G.A. Minutes 8-20-13

G.A. Minutes 8-20-13
There’s only a couple of Occupiers starting out the evening and they are dragging their asses. No wonder as it’s exceptionally hot, 6pm and it’s still in the 90s. We decide not to make a fire; we plunk ourselves down in a couple of chairs and wait for others to arrive. There are many street people around and we casually chat.

After about a half an hour, a few folks arrive. Everyone is dragging; it’s an effort to start a conversation. The older man from the neighborhood is here. We haven’t seen him in several months. He asks about the current status of the synthetic drug situation. We don’t have personal experience in that scene so can only say what we’ve observed. The store that sold the synthetic is still closed and will remain so for at least a month.

A street person who is sitting with us says people are still bringing the stuff from up on The Range but it’s more expensive and making the trip is dangerous. The older man says we have to find a way to keep people from using that stuff. An Occupier says, “Prohibition never works. People are smoking synthetic because marijuana has been made illegal. People take intoxicating substances for many reasons. If you disallow one substance they will go to another. Drug users may have mental health issues, poverty, boredom, loneliness, the stress of living in this dog eat dog world. The problem is much deeper the “Just Say No”. The older man says, “Are you saying people need to have more and better options than just taking drugs”? We all say, “Yes”.

The man asks what we have been up to and we tell him about the G-Tac mine, the Polymet mine, the Alberta Clipper pipeline and (just recently discovered) the Sandpiper pipeline. We also talk about our work with Idle No More and our 2 friends running for City offices.

We’re pleased to announce that both of our homeless Occupiers are no longer homeless. Each has finally been given a place in public housing. One of them waited for 18 months to be admitted, the other about 4 months. Hopefully, the Tea Party won’t force anymore housing cutbacks and they’ll be able to get their lives together again.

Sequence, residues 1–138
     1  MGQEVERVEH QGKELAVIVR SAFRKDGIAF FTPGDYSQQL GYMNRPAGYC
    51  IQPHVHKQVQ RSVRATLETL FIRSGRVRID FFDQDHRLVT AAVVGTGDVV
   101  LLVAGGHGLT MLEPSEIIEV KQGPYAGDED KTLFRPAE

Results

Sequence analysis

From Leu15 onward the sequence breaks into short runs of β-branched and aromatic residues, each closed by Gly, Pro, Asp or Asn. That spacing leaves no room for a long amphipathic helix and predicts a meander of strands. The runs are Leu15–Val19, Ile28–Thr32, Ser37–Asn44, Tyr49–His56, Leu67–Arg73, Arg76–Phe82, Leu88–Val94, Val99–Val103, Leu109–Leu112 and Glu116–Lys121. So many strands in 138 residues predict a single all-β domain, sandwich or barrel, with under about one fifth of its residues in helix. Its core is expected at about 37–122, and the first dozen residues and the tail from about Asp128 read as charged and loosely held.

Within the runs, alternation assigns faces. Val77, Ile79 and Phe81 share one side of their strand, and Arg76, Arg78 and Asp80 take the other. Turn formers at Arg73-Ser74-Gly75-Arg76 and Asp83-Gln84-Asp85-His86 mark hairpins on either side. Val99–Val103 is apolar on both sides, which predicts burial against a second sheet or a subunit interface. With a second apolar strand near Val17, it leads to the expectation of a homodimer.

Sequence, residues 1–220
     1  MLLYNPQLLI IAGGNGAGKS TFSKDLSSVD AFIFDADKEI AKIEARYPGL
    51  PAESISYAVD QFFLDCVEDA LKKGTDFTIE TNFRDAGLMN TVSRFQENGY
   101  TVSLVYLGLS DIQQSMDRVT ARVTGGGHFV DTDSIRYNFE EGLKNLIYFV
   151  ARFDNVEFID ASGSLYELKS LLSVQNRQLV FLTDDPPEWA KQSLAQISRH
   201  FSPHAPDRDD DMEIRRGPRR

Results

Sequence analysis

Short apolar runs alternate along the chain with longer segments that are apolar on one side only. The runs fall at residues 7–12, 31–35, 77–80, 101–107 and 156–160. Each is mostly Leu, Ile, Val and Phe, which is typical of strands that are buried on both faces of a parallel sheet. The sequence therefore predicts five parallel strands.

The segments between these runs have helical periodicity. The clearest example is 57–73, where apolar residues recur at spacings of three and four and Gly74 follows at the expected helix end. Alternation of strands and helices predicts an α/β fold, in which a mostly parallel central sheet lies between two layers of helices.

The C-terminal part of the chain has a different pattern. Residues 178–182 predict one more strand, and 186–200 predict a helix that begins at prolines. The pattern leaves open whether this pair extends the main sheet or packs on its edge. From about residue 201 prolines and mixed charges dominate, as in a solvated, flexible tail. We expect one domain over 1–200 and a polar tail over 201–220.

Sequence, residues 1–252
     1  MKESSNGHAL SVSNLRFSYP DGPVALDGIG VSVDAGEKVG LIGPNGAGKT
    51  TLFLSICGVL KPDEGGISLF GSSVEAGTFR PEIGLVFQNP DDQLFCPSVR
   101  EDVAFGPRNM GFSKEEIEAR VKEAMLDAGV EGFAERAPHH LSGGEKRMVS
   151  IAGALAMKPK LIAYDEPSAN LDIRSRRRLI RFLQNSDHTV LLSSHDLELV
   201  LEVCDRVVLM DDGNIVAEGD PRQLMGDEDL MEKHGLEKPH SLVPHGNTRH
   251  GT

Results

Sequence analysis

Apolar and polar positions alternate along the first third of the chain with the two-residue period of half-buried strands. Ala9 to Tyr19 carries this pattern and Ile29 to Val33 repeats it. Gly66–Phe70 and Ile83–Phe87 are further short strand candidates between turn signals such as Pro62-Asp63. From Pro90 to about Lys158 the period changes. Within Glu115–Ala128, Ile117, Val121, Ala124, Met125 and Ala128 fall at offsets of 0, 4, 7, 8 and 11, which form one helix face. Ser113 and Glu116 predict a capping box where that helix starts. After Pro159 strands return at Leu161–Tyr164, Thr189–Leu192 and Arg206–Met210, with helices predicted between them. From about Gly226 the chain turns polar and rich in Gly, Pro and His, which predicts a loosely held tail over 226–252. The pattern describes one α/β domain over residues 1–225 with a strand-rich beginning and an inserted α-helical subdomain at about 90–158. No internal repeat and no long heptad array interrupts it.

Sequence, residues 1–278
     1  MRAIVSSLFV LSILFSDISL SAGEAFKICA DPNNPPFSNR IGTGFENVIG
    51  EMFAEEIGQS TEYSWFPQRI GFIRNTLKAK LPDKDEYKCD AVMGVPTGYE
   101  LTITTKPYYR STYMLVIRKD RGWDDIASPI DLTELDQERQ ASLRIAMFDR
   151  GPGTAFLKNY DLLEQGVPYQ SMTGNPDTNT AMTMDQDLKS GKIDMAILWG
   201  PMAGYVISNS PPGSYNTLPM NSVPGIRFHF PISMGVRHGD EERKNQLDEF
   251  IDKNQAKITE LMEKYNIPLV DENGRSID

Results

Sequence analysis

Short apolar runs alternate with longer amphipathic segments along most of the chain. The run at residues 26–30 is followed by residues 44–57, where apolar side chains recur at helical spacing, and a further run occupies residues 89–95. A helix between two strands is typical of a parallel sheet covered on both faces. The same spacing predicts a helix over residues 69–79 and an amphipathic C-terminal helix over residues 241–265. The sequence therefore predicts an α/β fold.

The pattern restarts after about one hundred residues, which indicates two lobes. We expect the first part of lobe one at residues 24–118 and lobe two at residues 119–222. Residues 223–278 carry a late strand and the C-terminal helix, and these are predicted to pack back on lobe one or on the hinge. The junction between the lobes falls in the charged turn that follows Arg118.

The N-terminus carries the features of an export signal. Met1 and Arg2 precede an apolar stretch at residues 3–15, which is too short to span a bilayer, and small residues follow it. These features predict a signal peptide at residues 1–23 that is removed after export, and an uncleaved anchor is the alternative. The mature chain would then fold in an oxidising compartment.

The president of our local NAACP stops by for a visit. He doesn’t have much to say, just small talk and off he goes. We toned down our radical ideas for a moment as he doesn’t like that sort of thing and offending him would serve no purpose.

A squad car pulls up and out pops the same officer who came to save the obnoxious guy from getting killed outside of our meeting a few weeks ago. He just wants to make sure we understand that he is our friend and a very nice guy. He has a piece of paper he wants to show us. The paper says according to several ordinances we haven’t heard of, we can’t have a fire at the Memorial. Didn’t we already go through this ordeal twice in the last year?

When the cop arrives, many of the street people leave. But not all of them. This is surprising. Some stay where they are, some come closer to our circle. Then 3 or 4 other cops arrive casually, one by one. Maybe they think that since last spring we’ve organized the street people into an army and now we’re going to kill Officer Friendly and take over………. The Town? The World? Fortunately, it hadn’t even occurred to us to do such a thing. Highly impractical. Some of the Occupiers want to converse with the officers, other Occupiers don’t think that’s such a good idea, they just want the DPD to leave. The talkers win, so they talk to the officers until the officers say they are leaving.
It’s dark now but we have to stay a while so as to appear not to be run off by the police. It’s cooler and many are coming to smudge. An Occupier says, “Great. We have so many important things to do and now we have to deal with this crap again”. We know the fire is important as it will provide much needed warmth during the fall season. After staying the appropriate amount of time, we head out to look up city ordinances again.